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Did The Tribe Win Last Night? | August 18, 2017

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Shaky Start, Untimely Hitting Allows Twins To Take Second Game Of Series; Twins 7, Indians 4

By Mike Brandyberry

Sometimes one hit makes the difference.

The Minnesota Twins benefitted from timely hitting early to build a lead—and a Joe Mauer homer late—to down the Cleveland Indians 7-4 Saturday evening at Progressive Field. While the Twins capitalized with two outs, the Tribe could not put together a big inning to take control of the game.

Tomlin struggled from the first pitch of the game, allowing base hits to the first three hitters. The Twins took control in the top of the first inning when Denard Span singled to right field and Ben Revere singled to center. Mauer followed with the third consecutive hit to start the game—a single into the right field corner—to score Span and give the Twins an early 1-0 lead without an out being recorded.

After Josh Willingham popped out to shortstop, Justin Morneau singled to right field to score Revere and move Mauer to third base. Ryan Doumit walked to load the bases before Brian Dozier grounded to Casey Kotchman, who threw home for the force play.

“Everything I threw up there, they were taking it, or putting a good swing on it,” Tribe starting pitcher Josh Tomlin said. “I don’t know how to explain it other than that.”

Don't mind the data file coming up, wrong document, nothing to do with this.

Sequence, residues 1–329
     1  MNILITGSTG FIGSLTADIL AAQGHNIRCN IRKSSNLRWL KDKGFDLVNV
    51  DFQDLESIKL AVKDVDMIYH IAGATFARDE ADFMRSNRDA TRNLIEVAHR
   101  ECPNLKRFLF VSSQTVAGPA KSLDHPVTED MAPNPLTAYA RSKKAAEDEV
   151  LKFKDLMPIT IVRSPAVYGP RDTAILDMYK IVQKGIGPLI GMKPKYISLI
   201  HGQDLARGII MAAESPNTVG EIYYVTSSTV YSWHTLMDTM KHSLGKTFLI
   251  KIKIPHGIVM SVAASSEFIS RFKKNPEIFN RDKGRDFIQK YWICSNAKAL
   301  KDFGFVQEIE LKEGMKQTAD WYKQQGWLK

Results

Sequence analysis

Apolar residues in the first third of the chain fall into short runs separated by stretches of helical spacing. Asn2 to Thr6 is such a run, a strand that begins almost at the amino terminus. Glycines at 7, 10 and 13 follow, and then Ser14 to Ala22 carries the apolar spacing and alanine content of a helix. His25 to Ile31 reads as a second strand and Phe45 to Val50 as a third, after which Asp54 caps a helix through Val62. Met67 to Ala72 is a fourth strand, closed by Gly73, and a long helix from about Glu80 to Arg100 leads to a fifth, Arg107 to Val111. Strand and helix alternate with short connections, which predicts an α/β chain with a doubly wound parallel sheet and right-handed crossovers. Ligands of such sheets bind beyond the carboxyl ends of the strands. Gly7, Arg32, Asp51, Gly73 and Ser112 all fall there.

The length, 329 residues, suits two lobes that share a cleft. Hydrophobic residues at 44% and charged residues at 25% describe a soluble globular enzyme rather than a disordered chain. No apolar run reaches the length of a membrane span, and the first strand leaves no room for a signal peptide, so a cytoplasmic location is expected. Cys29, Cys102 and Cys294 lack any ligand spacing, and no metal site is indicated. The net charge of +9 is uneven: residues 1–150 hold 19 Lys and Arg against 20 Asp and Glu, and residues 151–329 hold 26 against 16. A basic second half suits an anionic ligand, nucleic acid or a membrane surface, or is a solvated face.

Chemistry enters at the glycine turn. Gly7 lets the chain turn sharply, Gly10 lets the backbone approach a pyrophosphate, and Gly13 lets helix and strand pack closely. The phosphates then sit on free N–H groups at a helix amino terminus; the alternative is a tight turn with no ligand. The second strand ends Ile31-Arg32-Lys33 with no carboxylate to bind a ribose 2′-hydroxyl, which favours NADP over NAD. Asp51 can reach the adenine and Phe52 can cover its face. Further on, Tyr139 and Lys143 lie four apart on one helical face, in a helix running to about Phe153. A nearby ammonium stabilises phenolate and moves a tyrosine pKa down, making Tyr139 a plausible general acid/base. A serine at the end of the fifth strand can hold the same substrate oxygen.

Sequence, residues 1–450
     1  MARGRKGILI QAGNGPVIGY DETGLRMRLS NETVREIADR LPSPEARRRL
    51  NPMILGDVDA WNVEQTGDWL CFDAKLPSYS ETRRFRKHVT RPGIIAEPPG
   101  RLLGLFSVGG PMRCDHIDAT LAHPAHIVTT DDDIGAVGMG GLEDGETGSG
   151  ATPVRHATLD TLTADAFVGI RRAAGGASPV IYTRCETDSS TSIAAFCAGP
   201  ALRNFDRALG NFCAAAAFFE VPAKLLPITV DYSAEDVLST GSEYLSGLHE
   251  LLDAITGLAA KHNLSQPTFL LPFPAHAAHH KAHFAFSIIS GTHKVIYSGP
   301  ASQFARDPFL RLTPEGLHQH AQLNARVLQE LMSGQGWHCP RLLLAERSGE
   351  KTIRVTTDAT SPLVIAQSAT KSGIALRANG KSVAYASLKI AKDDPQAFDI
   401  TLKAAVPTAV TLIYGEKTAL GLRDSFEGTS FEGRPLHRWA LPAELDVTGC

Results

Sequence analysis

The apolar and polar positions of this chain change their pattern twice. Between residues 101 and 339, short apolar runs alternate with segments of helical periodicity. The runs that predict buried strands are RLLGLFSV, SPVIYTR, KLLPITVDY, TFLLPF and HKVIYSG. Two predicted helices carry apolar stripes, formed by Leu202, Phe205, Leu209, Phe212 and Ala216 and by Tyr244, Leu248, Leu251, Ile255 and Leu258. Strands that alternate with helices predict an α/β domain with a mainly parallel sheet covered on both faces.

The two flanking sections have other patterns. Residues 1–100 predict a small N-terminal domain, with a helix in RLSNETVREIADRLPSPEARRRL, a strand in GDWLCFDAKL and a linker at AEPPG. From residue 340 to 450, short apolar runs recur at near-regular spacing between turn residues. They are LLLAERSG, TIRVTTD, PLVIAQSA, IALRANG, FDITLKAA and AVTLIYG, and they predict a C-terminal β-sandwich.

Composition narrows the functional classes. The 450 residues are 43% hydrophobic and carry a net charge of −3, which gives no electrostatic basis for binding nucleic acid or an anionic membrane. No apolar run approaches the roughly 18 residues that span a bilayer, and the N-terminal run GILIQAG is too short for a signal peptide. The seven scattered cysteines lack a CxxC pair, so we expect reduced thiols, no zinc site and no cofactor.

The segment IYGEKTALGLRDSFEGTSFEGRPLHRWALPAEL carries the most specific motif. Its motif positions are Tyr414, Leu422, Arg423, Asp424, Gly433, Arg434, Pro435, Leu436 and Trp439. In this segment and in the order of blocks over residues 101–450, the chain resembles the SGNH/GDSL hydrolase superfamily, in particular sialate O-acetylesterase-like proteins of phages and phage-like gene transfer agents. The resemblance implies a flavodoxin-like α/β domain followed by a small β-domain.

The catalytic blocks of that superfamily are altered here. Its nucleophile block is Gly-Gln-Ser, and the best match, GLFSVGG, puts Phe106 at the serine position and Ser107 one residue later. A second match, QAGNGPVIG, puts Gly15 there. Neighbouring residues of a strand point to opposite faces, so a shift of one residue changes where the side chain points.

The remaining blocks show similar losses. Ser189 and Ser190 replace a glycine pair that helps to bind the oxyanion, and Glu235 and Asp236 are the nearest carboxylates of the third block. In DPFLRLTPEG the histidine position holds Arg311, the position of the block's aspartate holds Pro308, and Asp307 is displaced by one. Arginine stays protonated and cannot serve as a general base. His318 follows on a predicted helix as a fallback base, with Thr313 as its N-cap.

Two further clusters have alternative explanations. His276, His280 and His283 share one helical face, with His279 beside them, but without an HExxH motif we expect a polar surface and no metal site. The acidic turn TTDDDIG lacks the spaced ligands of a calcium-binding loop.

With two outs, it appeared Tomlin could escape allowing only two runs, but Trevor Plouffe singled to center field to score Morneau and Doumit and spot the Twins with a comfortable 4-0 lead.

“Josh had a rough first inning where he struggled with his locations and they were able to hit those mistakes,” Indians manager, Manny Acta said. “After that, he pitched very well. He had very good command of the ball had better depth with that cutter.”

The Indians had every chance to jump right back into the game in the bottom of the first inning, but were unable to get the big hit when they needed it. Shin-Soo Choo led the inning off with an infield hit and Asdrubal Cabrera and Jose Lopez each walked to load the bases with only one out.